Filling a closed curve ROI from coordinates of the vertices


I have a series of coordinates which define some points that are the vertices of a closed curve.
Using 3dUndump, I am able to make a 3D dataset where those points have value=1 and the rest is 0 (see attached image, where the points are marked in red).

Is there an AFNI program to assign 1 to all the voxels inside the closed curve defined by those vertices? (Similar to what could be done with “Flood” on the drawing plugin)

Thank you,

Screen Shot 2022-11-21 at 8.12.21 PM.png

I don’t think a command line program could do this generally.

As you mention, though, this is doable in the plugin.

I’m curious where the points came from? Is there some other step in their creation that could be used to help this goal, perhaps?


Thank you for your response.
I tried 3dRowFillin on different directions, but the result is not optimal.

The points were manually determined using another software, ImageJ.


Well, OK. If your points are all in a single plane, as in that image, here is a script to connect successive points (defined as a 3-column text file of XYZ locations, and the first line should be repeated as the last, so that the shape gets closed.

I used the following file as the “points.txt” below:

-6.2    6.2   43.8
    6.2    6.2   43.8
   16.2    6.2   41.2
   23.8    6.2   36.2
   28.8    6.2   26.2
   21.2    6.2   18.8
   11.2    6.2   21.2
   -8.8    6.2   23.8
   -3.8    6.2   11.2
    6.2    6.2    6.2
   -3.8    6.2   -1.2
  -16.2    6.2    3.8
  -28.8    6.2    8.8
  -31.2    6.2   21.2
  -28.8    6.2   38.8
  -13.8    6.2   41.2
   -6.2    6.2   43.8

… and the input dataset (for setting the grid), was the “mask_epi_extents+tlrc.HEAD” in the output FT.results directory of the AFNI Bootcamp s05* output script. but it should probably work in many datasets with a reaonable field of view, just as an example.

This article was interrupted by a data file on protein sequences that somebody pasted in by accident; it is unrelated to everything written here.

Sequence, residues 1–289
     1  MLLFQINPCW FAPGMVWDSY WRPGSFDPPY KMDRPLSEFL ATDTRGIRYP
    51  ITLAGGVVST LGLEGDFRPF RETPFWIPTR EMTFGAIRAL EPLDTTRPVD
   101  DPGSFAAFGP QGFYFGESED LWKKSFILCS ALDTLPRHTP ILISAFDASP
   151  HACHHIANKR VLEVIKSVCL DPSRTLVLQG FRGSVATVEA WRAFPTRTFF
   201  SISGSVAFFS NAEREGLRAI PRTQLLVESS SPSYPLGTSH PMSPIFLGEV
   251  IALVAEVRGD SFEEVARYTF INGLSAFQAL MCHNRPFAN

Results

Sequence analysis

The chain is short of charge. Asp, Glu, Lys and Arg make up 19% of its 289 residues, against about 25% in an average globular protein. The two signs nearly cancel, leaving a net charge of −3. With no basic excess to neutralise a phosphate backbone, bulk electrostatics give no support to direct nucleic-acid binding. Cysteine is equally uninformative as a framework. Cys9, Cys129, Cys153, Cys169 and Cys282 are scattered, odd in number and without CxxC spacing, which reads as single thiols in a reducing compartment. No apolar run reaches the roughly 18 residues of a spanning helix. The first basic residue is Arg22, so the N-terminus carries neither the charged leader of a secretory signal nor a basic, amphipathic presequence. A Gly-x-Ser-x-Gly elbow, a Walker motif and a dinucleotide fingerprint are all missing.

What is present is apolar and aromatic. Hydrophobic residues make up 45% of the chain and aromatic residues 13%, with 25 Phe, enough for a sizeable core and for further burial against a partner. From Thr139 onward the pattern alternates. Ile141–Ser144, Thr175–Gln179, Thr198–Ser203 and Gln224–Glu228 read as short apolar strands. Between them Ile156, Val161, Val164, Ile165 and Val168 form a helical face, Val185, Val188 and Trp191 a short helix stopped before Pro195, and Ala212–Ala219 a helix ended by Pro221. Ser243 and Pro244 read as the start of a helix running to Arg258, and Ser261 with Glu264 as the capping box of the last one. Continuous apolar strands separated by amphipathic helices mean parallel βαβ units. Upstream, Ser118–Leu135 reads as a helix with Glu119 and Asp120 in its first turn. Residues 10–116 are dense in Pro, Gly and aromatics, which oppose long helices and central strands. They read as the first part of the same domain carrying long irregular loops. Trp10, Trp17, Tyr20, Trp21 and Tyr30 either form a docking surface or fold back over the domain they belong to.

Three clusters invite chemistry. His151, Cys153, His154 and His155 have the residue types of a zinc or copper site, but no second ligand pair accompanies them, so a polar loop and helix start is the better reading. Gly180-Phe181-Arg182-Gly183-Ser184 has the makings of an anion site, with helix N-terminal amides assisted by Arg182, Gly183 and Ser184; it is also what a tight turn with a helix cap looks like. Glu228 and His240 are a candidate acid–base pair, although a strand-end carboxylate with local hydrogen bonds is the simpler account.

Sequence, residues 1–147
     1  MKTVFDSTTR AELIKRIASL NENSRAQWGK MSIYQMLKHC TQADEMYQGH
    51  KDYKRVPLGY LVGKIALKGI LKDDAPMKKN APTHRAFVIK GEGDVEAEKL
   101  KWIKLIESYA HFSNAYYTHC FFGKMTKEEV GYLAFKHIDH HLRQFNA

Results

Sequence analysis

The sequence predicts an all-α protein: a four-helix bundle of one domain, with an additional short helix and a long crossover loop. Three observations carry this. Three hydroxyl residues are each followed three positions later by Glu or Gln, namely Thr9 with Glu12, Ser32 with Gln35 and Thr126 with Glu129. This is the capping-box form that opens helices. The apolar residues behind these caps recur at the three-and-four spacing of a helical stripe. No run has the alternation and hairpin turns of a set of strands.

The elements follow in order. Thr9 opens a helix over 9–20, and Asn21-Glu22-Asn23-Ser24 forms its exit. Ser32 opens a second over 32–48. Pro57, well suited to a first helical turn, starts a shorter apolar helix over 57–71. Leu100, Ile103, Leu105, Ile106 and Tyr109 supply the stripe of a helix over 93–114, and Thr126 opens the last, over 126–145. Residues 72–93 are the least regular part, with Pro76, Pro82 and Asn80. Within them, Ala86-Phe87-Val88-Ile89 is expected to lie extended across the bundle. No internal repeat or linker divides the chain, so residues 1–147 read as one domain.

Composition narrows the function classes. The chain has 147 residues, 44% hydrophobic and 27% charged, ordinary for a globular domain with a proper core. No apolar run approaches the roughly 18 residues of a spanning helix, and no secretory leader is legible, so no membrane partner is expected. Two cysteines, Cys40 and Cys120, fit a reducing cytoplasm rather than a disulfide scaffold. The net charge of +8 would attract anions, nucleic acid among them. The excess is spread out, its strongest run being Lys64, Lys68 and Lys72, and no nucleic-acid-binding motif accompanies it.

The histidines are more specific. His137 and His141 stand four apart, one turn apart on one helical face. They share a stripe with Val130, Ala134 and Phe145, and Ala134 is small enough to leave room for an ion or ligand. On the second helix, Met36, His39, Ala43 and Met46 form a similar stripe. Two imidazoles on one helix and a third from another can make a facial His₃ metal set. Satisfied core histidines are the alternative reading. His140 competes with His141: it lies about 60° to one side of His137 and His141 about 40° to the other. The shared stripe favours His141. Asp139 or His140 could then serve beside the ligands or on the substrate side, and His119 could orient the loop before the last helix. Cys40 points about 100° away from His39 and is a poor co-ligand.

The images show the points-to-be-connected as white underlay points, and then lines that are created to connect them (just looping over all successive pairs of points in the file, walking with a reasonably small step size (based on min voxel dim) to the next point), and then the planar infill of that.

Hope that might be useful. This would not extend to a case of arbitrary points in 3D—it depends on them being in a single plane, so that a closed curve can be drawn.



# this program tries to connect points with a line.  The file "

set dset_grid = mask_epi_extents+tlrc.HEAD      # dset with grid to use
set file_pts  = points.txt                           # input text: XYZ coord
set dset_lines = dset_connect_the_dots.nii.gz        # output dset

# ----------------------------------------------------------------------

set npts   = `cat "${file_pts}" | wc -l`       # number of points in file

# set step size from voxel dims
set ad3    = `3dinfo -ad3 "${dset_grid}"`      # input voxel dims
set minad3 = ${ad3[1]}
foreach ii ( `seq 2 1 $#ad3` )
    if ( `echo "${ad3[$ii]} < ${minad3}" | bc` ) then
        set minad3 = ${ad3[$ii]}
set step   = `echo "scale=5; ${minad3}/3.0" | bc`
echo "++ The step is: ${step} (from vox: ${ad3})"

# create file: temporary list of points for this line
set file_tmp = _tmp_file_line.txt
set dset_tmp = _tmp_file_line.nii.gz
printf "" > ${file_tmp}

foreach nn ( `seq 2 1 ${npts}` )